Which birth business structure is right for my birth BUSINESS?
What legal structure you choose highly depends on what you want to do with your business, the level of acceptable risk for your business, and what resources you have available to you. The three types of business I suggest for a small birth worker business consist of a sole proprietorship, a partnership or a limited liability company. A few other business structures occur frequently, but none I recommend for a small birth business. Here is little bit about each type.
Keep it Simple with a Solo Practice
The simplest and most common form of business is a sole proprietor. A business which is owned and run by one person with no clear distinction between the business itself and the owner is considered a sole proprietorship. You get all the profits, but take all the risk. Sole responsibility for start up funds, taxes, profits, and losses. Sole proprietorship's incur unlimited liability in which a client could sue you for everything you own, not just business assets. They could sue you for your house, car, and personal bank accounts. A sole proprietorship can easily become established and does not require any formal action on your part. You step into the shoes of a sole proprietorship anytime you offer services to another person or business in exchange for payment. Like any business you will need the proper licenses and permits required in your state and in your industry. Doulas, childbirth educators, and birth assistants at the time do not require any special regulations.
Advantages of a Sole Proprietorship
Double up with a Partnership
A partnership consists of a single business which encompasses two or more people who share ownership. This can help ease the workload and responsibilities of a business because each partner contributes to all aspects the business, including money and labor. In terms of birth workers this means someone you can share your on call time with and someone who can help you make decisions regarding what services to offer, what your contracts should state, and how to market. In return each partner gets a share in the profits or loses the business incurs.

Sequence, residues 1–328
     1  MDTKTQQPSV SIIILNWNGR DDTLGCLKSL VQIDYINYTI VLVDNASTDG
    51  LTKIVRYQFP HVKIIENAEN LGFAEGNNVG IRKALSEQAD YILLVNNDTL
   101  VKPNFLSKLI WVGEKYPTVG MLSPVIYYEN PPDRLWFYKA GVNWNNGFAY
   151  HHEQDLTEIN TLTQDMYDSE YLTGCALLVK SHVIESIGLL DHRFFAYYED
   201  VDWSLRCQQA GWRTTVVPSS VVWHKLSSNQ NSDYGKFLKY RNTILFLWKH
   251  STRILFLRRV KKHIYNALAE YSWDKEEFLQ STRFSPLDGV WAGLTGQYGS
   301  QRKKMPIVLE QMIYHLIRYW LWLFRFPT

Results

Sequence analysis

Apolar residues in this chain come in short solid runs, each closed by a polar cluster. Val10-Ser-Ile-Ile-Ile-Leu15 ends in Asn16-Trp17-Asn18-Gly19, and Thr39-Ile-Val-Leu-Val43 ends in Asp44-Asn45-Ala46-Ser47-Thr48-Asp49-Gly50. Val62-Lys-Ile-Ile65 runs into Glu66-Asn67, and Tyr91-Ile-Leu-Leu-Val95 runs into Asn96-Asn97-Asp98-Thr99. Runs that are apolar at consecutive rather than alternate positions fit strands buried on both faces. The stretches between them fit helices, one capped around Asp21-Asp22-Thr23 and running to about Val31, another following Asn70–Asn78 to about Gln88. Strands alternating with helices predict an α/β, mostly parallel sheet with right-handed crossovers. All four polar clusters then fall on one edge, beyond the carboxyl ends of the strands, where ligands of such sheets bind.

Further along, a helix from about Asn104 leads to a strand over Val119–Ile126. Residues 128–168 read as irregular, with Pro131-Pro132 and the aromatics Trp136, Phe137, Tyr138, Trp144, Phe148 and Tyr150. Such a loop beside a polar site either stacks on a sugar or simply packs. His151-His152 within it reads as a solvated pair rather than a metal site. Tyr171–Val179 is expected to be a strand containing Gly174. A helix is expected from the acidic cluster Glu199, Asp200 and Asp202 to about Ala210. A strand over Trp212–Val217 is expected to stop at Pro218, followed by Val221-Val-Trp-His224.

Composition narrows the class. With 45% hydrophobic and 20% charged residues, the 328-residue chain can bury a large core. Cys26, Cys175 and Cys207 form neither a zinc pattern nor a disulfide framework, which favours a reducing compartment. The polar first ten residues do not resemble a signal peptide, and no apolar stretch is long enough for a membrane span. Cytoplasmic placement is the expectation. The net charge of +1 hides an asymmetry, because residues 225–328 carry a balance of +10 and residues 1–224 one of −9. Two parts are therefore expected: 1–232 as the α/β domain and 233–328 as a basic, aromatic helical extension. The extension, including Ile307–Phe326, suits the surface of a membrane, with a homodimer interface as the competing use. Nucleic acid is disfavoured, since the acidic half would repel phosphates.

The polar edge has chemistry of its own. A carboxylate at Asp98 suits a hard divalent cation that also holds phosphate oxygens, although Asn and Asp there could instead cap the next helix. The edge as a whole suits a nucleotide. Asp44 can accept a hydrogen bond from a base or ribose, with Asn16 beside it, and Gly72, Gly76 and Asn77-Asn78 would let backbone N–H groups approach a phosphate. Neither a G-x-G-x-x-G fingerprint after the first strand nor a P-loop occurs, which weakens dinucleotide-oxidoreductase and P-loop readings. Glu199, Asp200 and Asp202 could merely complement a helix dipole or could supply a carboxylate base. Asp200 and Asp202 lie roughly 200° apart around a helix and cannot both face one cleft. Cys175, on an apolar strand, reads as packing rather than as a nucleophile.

The two types of partnerships I recommend include a general partnership and limited partnership. In a general partnership all profits, liability and management duties divide equally among the partners. If you opt for an unequal distribution, the percentages assigned to each partner must be documented in the partnership agreement. A limited partnership allows partners limited liability as well as limited input with management decisions. These limits depend on the extent of each partner’s investment percentage.
Forming a partnership is a bit harder than a sole proprietorship. Partnerships require you to register your business with your state as well as obtain the proper licenses and permits. It also requires you to register your business name and make sure no one else in your state already uses that business name or something similar. You will need to file and obtain a tax ID number or Employer Identification Number (EIN) in order to file your taxes.
A partnership must file an “annual information return” to report income, deductions, gains, and losses from the business operations, but the business itself does not pay income tax. Each partner gets a portion of the income, per the partner agreement and then the partners report this income on their personal tax returns.
You need to remember the importance of a formal legal partnership with documented procedures on all of the “what if” scenarios that may occur.
Advantages of a Partnership
Disadvantages of a Partnership
Limit Your Risk with a Limited Liability Company
A limited liability company (LLC) consists of a hybrid type of legal structure that provides the limited liability features of a corporation and the tax efficiencies and operational flexibility of a partnership. This type of company contains one or more owners. LLC’s don’t get taxed separately like a corporation, but do retain a separation of owner and the business. This allows profits and losses to pass through the business to each member of the LLC and for the members to then report any profits or losses on their personal federal tax returns. One of the biggest perks of an LLC, the owners do not have personal liability, so if a client decides to sue only business assets are at risk.
Profits do not have to be split evenly between owners much like that of the partnership. Those involved will create contracts which state who owns what percentage of the company. One idea to keep in mind is the more people you have sharing in decision making the longer it will take to make a decision.
Advantages of an LLC
Disadvantages of an LLC
A great free resource to look into how to file for an LLC in your state check out LLC University. Or check out the Small Business Association.
What type of business structure do you think will give you the most room to grow? Share your business questions in the comments.